This article was published in Australian Dictionary of Biography, Volume 8, (MUP), 1981
John Charles Lucas Fitzpatrick (1862-1932), journalist and politician, was born on 15 February 1862 at Moama, New South Wales, son of John James Fitzpatrick, a Dublin-born police constable, and his native-born wife Elizabeth, née Lucas. In 1869 the family moved to Windsor. Educated at a denominational school, at 14 Fitzpatrick began an apprenticeship in the Australian office at Windsor and at 18 was a compositor on Melbourne Punch. He worked on newspapers at Gunnedah, Narrabri, Walgett and Parramatta, New South Wales, and in 1885 became a reporter on Hugh Mahon's Southern Argus at Goulburn. On 11 January 1886 at St Patrick's Roman Catholic Church, Parramatta, he married Agnes Clare Kelly. About 1888 he established the Windsor and Richmond Gazette which he managed and edited until 1899. In 1890 he was a founder of the Provincial Press Association. In 1905 he bought the Molong Argus and sold it in 1907.
In 1895 Fitzpatrick was elected to the Legislative Assembly for Rylstone as a free trader. The election was invalidated but two months later he was re-elected. He held the seat until 1904 when he was defeated for Northumberland; in 1906 he was defeated for the Federal seat of Calare by Thomas Brown. Next year he returned to the Legislative Assembly, representing Orange until 1920 and in 1927-30. In 1920-27 he was a member for Bathurst.
A good debater, Fitzpatrick was always alert and wide awake in the House even at 5 a.m. He was closely associated with the testator's family maintenance and the unclaimed money bills and with one to regulate the taking of evidence in select committees. In the early 1900s he supported the right of women to stand for parliament but towards the end of his career claimed that politics seduced them from their homes. He believed that rural interests could best be served by limiting government control of such matters as abattoirs and wheat sales, and in 1916 recommended the completion of country railways before the erection of the Sydney Harbour Bridge.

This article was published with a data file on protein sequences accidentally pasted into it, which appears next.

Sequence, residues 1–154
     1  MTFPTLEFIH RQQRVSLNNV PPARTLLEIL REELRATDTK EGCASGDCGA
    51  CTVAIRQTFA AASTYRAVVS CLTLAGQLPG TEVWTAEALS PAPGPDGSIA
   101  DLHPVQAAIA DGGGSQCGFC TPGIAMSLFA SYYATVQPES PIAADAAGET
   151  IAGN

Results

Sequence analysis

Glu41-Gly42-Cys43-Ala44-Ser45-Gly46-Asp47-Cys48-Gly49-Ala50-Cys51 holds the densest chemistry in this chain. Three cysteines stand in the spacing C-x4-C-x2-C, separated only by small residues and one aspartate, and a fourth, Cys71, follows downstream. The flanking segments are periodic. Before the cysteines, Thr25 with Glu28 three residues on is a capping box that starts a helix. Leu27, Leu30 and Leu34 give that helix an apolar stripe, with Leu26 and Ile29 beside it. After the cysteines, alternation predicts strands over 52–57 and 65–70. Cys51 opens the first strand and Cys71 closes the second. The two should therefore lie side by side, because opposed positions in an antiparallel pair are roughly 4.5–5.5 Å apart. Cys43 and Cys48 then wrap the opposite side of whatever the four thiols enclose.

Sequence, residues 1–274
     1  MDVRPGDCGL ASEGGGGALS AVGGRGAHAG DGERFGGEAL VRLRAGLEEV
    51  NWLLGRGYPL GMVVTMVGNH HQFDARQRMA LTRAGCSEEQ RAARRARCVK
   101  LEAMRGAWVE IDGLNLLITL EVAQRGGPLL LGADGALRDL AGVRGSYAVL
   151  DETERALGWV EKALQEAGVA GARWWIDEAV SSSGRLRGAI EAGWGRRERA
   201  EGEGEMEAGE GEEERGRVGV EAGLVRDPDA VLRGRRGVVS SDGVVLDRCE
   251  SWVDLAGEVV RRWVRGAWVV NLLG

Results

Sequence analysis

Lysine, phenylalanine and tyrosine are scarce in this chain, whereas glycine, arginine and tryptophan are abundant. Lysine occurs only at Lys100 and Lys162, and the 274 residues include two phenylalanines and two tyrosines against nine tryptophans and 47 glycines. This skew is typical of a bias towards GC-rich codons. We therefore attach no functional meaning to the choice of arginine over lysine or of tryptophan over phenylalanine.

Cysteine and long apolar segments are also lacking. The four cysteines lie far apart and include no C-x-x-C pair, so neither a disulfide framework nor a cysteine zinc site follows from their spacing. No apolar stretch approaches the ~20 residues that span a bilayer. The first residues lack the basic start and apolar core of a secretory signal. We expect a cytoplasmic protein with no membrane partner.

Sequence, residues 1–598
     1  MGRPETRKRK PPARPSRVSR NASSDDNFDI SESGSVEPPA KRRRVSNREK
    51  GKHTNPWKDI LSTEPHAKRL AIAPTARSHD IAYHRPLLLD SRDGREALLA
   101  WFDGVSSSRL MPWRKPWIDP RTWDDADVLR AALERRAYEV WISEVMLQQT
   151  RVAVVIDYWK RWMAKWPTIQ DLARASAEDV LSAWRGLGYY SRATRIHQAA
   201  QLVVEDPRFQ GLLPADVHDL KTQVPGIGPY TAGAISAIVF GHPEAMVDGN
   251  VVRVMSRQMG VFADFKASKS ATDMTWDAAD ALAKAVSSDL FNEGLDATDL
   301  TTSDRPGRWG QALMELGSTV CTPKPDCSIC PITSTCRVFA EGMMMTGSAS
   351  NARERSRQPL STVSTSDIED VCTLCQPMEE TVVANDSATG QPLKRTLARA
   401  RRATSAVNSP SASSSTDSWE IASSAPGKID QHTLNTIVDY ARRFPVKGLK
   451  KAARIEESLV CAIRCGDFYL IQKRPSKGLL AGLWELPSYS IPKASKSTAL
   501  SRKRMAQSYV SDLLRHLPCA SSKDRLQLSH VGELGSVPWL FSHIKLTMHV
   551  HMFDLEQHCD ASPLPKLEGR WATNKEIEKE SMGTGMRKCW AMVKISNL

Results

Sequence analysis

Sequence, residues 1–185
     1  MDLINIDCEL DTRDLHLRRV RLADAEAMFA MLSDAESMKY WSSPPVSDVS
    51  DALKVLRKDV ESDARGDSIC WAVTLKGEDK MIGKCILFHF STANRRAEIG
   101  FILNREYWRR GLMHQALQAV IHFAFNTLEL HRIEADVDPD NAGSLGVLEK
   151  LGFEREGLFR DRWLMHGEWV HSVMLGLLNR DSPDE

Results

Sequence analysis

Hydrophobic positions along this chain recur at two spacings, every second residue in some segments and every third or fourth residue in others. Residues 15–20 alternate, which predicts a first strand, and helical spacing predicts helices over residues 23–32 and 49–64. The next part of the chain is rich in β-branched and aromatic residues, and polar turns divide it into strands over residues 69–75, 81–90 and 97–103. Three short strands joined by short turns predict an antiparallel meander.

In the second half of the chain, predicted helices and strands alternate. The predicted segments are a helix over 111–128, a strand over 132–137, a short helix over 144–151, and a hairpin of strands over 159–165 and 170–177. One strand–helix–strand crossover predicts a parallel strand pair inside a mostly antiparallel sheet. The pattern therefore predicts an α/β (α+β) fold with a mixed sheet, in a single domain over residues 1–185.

From 1900 Fitzpatrick was a trustee of the Public Library of New South Wales. His love of Australian history lay behind his support of the term of David Scott Mitchell's bequest. While in parliament he compiled several books of local reminiscences, mostly of Windsor and the Hawkesbury district. He also published two books of poetry, Various Verses (Parramatta, 1895, 1907) and two travel books about a visit to the East, Eastward Ho (1905) and A Jaunt to Java (1908).
Fitzpatrick was one of six Liberals chosen by W. A. Holman to form his Nationalist ministry on 15 November 1916; he became secretary for mines and on 30 October 1918 treasurer also; the government lost the March 1920 election. During a serious strike in 1917 he carried the controversial Coal Mines Regulation (Amendment) Act which permitted inexperienced men to work in the mines. Labor branded the measure as retrograde and anti-unionist and Fitzpatrick as a murderer, but the strike ended soon after the Act was enforced. His conviction that Australia had a strong obligation to support the British Empire was strengthened by his son's service with the 1st Light Horse Regiment in Gallipoli and Egypt. On 20 December 1921 he was secretary for mines and minister for local government in (Sir) George Fuller's seven-hour ministry and held the same posts in his ministry in 1922-25. Fitzpatrick was also chairman of the Lord Howe Island Board.
Although he was forceful and independent, often claiming to speak for himself rather than for his party or electorate, Fitzpatrick was never malicious; he proudly maintained friendships despite party differences. Known as 'Fitz', he conducted elections with good-humoured bluster, gaining Protestant support by criticizing Rome, but keeping his friendships with local priests. He had no sympathy for criminals and voted against the abolition of capital punishment in 1925. He was a 'mercurial little man' with a luxuriant moustache, and was noted for his witty speeches, 'racy jokes', dapper clothes and fresh buttonholes, worn with the pride of a keen gardener.
Fitzpatrick retired from politics in 1930. Survived by a son and daughter, he died on 7 August 1932 at his Roseville home and was cremated with Methodist forms. His estate was valued for probate at £11,657.
Jill Waterhouse, 'Fitzpatrick, John Charles Lucas (1862–1932)', Australian Dictionary of Biography, National Centre of Biography, Australian National University, http://adb.anu.edu.au/biography/fitzpatrick-john-charles-lucas-6181/text10625, published first in hardcopy 1981, accessed online 24 November 2014.
This article was first published in hardcopy in Australian Dictionary of Biography, Volume 8, (MUP), 1981